Noah Worcester.

Bible news, of the Father, Son, and Holy Spirit : in a series of letters. In four parts. I. On the unity of God. II. On the real divinity and glory of Christ. III. On the character of the Holy Spirit. IV. An examination of difficult passages of Scripture. The whole addressed to a worthy minister of online

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Online LibraryNoah WorcesterBible news, of the Father, Son, and Holy Spirit : in a series of letters. In four parts. I. On the unity of God. II. On the real divinity and glory of Christ. III. On the character of the Holy Spirit. IV. An examination of difficult passages of Scripture. The whole addressed to a worthy minister of → online text (page 18 of 19)
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other man within my acquaintance has been, with the
monstrous incongruity between the spirit of Christian-
ity and the spirit of Christian communities, between
Christ's teaching of peace, mercy, forgiveness, and the
wars which divide and desolate the church and the world.
Every man has particular impressions which rule over
and give a hue to his mind. Every man is struck by
some evils rather than others. The excellent individu-
al of whom I speak was shocked, heart-smitten, by
nothing so much, as by seeing, that man hates man,
that man destroys his brother, that man has drenched
the earth with his brother's blood, that man in his in-
sanity has crowned the murderer of his race with the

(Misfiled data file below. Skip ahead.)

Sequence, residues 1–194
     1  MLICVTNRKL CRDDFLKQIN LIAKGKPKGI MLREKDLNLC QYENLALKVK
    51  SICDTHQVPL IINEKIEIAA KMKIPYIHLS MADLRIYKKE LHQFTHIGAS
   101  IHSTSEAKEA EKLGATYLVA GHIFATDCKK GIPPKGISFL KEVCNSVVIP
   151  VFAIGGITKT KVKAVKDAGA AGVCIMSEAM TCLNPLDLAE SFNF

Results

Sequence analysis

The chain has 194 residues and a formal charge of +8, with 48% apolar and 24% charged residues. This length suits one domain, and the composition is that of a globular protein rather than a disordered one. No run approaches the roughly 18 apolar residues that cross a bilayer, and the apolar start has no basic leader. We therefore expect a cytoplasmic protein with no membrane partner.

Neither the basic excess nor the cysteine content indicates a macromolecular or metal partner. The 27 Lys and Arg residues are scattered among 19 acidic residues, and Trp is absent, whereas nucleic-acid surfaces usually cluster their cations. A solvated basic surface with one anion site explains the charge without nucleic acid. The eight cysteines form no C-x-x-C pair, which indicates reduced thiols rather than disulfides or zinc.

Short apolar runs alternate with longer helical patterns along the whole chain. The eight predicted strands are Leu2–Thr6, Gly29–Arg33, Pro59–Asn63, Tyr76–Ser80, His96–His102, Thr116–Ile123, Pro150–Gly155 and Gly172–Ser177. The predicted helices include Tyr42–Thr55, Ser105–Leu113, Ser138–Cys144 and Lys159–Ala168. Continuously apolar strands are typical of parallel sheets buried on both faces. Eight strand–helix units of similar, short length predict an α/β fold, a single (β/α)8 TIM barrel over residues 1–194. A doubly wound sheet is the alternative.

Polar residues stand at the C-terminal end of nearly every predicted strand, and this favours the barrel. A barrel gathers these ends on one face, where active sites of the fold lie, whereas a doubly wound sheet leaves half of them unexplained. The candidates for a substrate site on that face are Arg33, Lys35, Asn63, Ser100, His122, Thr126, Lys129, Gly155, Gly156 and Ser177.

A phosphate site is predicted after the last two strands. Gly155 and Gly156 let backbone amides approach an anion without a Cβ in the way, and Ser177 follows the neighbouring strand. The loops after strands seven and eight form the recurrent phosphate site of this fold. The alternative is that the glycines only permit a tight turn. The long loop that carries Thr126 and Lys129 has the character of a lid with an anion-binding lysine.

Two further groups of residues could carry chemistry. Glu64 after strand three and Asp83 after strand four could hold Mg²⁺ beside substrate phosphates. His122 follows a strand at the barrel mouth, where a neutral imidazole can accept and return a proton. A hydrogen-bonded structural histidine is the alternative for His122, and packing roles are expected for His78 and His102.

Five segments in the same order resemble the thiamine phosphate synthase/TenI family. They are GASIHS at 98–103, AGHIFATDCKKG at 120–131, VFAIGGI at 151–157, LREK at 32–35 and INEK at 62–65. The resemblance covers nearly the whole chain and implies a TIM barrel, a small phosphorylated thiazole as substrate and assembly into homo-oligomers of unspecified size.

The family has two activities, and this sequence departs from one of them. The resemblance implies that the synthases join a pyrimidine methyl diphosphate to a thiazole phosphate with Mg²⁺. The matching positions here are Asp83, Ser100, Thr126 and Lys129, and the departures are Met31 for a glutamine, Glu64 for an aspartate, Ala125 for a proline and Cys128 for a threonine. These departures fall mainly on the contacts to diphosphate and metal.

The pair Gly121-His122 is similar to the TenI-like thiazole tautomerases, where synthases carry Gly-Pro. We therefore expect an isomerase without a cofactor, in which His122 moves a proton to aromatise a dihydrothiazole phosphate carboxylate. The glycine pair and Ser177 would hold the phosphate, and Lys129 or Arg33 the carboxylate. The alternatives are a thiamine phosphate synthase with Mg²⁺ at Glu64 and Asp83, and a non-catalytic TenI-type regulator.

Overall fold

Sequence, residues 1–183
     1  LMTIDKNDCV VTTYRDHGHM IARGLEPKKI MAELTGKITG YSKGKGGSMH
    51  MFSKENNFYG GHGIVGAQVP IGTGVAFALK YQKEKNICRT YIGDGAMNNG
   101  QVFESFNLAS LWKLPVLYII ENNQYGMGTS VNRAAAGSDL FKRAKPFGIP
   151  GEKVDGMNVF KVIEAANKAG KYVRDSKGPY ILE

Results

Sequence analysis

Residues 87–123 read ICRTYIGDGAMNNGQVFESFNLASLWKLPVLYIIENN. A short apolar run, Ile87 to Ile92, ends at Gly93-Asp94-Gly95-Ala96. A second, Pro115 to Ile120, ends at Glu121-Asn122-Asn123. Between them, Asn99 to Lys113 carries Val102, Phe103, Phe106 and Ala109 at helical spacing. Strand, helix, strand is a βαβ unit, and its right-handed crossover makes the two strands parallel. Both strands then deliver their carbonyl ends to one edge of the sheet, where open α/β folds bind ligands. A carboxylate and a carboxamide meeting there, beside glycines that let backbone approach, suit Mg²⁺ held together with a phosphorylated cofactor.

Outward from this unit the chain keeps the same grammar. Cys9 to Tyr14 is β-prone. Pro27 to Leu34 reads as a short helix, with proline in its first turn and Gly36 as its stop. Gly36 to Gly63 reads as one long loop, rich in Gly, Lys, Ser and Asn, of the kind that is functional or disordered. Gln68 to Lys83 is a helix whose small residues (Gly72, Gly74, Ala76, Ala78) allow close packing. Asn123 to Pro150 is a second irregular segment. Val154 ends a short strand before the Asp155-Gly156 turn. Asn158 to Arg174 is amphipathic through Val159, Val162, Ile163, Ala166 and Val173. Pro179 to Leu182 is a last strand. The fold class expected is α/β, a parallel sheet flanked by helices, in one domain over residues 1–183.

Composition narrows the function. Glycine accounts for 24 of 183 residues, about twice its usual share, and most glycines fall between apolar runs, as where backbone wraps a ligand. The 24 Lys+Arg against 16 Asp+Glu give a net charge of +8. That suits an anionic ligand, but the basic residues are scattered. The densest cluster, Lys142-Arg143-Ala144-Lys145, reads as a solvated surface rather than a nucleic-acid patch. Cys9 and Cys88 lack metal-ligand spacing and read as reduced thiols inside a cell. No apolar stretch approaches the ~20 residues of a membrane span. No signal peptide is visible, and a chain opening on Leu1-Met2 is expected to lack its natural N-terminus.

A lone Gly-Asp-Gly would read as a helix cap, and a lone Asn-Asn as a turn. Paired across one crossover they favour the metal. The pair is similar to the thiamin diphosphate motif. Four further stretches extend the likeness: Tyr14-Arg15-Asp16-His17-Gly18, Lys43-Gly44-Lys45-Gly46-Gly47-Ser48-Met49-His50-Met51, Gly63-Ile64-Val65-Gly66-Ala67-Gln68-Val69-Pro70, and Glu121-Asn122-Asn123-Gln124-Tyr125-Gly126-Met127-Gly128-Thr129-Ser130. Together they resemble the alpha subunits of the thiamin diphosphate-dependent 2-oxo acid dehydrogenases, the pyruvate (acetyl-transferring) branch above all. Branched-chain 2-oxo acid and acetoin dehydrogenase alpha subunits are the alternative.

highest honors; and, still worse, that Christian hates
Christian, that church wars against church, that differ-


ences of forms and opinions array against each other
those whom Christ died to join together in closest broth-
erhood, and that Christian zeal is spent in building up
sects, rather than in spreading the spirit of Christ and
enlarging and binding together the universal church.
The great evil on which his mind and heart fixed was
War, Discord, Intolerance, the substitution of force for
Reason and Love. To spread peace on earth became
the object of his life. Under this impulse he gave birth
and impulse to Peace Societies. This new movement
is to be traced to him above all other men, and his name,
I doubt not, will be handed down to future time with
increasing veneration as the ' Friend of Peace,' as hav-
ing given new force to the principles which are grad-
ually to abate the horrors and ultimately extinguish
the spirit of war.

The history of the good man, as far as I have learn-
ed it, is singularly instructive and encouraging. He
was self-taught, self-formed. He was born in narrow
circumstances, and to the age of twenty-one was a la-
borious farmer, not only deprived of a collegiate educa-
tion, but of the advantages which may be enjoyed in a
more prosperous family. An early marriage brought on
him the cares of a growing family. Still he found or
rather made time for sufficient improvements to intro-
duce him into the ministry before his thirtieth year.
He was first settled in a parish too poor to give him
even a scanty support ; and he was compelled to take a
farm on which he toiled by day, whilst in the evening
he was often obliged to use a mechanical art for the